Vatican actions, including letters from the Congregation for the Doctrine of the Faith and a 2005 instruction designed to bar gay men from seminary, have forced church ministers deeper into their closets. Mickens noted that the failings of many bishops to even note it was an LGBT nightclub targeted in Orlando “clearly attest that they fear even mentioning gay people.”

When closeted church leaders’ internal struggles are externalized as anti-LGBT actions, such decisions are too often acceptable in the bishops’ eyes. The Fortnight for Freedom’s skewed vision, the divisions it causes, and the aspersions it casts against Catholics who support LGBT equality, become normalized at the USCCB. Bishops’ failure to respond pastorally or even honestly after a massacre of LGBT people should almost be expected in such a stifling atmosphere.

Noting that today is “a time of increased danger to LGBTQ people (and those thought to be LGBTQ.),” theologian Lisa Fullam wrote on Commonweal’s  blog that “Queer Lives Matter.” The social reality therefore demands an improved and positive response from Catholic leaders, a response called for with renewed urgency after Orlando.  Fullam writes:

“The Orlando shooter was not Catholic. Nor does any reputable voice of Catholic leadership justify the killing of LBGT people, as, sadly, some ‘Christians’ have. While racism still afflicts our Church, our doctrine is not to blame, at least not any more–we still have much work to do, certainly, but no current Church teaching upholds racial or ethnic discrimination on theological grounds. Not so homophobia, which does still afflict both doctrine and practice in Catholicism.”

Many Catholics are advising the bishops on how they could have respond better to Orlando, and Bondings 2.0 will highlight some of these suggestions tomorrow. But for now, Fullam offers a strong call to action. She elucidated Catholic sources for anti-LGBT prejudices, including the harsh language in church teaching and the epidemic of firing of LGBT church workers, before concluding:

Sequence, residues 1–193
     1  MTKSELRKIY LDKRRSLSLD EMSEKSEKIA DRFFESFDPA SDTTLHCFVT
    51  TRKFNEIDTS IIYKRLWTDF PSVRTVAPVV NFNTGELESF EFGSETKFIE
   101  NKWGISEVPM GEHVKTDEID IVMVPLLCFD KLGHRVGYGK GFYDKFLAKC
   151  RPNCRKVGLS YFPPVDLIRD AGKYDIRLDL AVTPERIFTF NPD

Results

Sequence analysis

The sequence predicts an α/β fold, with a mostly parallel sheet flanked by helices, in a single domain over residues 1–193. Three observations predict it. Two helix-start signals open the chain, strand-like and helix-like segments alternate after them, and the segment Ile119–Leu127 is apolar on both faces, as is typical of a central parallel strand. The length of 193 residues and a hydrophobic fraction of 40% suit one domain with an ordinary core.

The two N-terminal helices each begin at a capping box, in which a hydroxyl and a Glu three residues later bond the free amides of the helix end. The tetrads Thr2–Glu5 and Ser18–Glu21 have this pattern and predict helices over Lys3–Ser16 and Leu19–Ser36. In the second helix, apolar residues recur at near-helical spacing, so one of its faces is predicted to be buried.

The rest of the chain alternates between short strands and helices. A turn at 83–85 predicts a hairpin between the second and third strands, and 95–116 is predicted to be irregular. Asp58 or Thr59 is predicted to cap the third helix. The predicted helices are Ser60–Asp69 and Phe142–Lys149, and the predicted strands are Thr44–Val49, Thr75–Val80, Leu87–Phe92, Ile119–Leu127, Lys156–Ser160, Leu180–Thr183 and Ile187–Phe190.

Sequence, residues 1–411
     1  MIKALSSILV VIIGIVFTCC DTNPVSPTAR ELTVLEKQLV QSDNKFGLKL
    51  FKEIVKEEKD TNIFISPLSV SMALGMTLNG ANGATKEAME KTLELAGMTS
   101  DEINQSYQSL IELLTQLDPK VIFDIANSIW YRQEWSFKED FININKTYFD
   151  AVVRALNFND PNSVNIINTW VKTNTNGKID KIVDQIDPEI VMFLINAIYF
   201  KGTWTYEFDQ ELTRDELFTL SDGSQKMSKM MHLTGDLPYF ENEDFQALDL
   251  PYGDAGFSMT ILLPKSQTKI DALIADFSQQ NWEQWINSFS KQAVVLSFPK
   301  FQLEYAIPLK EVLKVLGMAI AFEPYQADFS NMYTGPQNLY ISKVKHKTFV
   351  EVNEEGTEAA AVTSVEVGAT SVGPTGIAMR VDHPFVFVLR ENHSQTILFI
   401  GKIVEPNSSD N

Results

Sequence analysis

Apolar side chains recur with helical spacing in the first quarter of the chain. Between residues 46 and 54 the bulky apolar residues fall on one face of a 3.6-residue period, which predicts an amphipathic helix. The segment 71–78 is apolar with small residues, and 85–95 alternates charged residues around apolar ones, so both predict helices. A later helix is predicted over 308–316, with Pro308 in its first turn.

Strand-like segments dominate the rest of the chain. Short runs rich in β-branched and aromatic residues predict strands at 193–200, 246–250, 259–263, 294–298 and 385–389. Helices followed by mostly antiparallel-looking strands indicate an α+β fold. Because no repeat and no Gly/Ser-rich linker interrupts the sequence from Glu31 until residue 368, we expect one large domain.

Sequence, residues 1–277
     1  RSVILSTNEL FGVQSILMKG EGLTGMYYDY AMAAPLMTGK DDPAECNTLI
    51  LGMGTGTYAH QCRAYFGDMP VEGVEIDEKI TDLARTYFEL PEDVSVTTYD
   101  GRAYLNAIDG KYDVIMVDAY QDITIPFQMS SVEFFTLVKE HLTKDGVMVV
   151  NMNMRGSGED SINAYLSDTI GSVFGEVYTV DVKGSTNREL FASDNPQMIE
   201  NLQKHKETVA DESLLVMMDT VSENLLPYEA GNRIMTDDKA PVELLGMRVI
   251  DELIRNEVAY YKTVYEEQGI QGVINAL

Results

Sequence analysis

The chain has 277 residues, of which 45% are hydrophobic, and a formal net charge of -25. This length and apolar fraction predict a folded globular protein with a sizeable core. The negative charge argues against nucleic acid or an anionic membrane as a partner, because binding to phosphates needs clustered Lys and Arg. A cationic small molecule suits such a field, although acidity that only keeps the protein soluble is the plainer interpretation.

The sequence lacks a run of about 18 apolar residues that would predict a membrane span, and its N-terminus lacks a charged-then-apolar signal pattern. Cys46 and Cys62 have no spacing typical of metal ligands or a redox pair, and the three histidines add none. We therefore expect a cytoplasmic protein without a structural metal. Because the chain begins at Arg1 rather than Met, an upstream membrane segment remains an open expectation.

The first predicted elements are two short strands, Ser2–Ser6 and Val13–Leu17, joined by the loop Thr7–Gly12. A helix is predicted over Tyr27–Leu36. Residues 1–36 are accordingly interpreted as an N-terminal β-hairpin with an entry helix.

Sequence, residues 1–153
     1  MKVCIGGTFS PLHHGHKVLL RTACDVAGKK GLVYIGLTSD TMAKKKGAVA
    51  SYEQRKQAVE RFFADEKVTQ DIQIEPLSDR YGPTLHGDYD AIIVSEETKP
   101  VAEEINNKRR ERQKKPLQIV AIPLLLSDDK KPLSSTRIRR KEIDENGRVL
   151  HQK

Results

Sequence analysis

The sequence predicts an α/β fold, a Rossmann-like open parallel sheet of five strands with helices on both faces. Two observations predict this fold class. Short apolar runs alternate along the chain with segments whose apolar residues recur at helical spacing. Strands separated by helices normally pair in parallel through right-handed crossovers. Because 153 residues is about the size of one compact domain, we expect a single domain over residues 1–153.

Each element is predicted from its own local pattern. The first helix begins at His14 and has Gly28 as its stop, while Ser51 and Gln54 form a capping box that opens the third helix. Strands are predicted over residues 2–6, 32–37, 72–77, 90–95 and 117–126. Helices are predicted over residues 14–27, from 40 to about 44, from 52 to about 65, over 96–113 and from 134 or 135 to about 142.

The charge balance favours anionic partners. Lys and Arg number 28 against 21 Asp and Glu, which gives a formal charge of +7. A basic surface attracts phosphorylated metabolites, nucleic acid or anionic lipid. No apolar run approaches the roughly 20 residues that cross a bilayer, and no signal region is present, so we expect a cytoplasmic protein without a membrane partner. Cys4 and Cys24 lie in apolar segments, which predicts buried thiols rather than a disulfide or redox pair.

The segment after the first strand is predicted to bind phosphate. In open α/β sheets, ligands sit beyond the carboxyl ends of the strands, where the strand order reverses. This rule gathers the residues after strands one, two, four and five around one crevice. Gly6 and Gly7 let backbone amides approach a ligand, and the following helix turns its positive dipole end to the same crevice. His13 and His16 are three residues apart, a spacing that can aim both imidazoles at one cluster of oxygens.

“In the wake of Orlando, where racist homophobia killed 49 Americans and terrorized millions of LGBTQ people, especially queer people of color, it is time for the Church–the people of God, all of us–to step away from language that fuels distrust and disdain of sexual minorities. It is time for us to exercise positive solidarity with LGBTQ people. As with racism, it is not enough to renounce overtly homophobic acts, but rather we must recognize and stand against the structures of social sin that drive them. As Bishop Lynch observed, the Catholic faith is not innocent on this score. Instead, our churches must be safe places for LGBTQ people (and especially clergy, who are largely silenced about their sexuality) to be ‘out,’ and our institutions must be secure places to work. . .And please–if there is a Pride parade coming up near you, go out and stand with the LGBTQ community. Come and mourn and celebrate, come thumb your nose at the forces of sin and death that only love can overcome. In the wake of this most recent explosion of savage racist homophobia, we must all stand together as children of the same God.”

After Orlando, church leaders should, at the very least, be silent if they are unable to express true solidarity with the victims of the Pulse nightclub, their loved ones, and the LGBT communities worldwide suffering after this attack. Cancelling the Fortnight for Freedom would be a humble and penitent step towards reconciliation with those Catholics and people in society who have been harmed by the bishops’ politicking. It would be an overdue but honest recognition that those young people gunned down in Orlando were lesbian, bisexual, gay, transgender, and queer children of God, wonderfully made and worth celebrating. And it would be a healthy and welcome recognition that the bishops’ campaign against civil rights has perpetuated the homophobia and transphobia which not only caused the Orlando massacre, but causes daily suffering for LGBT people and their families.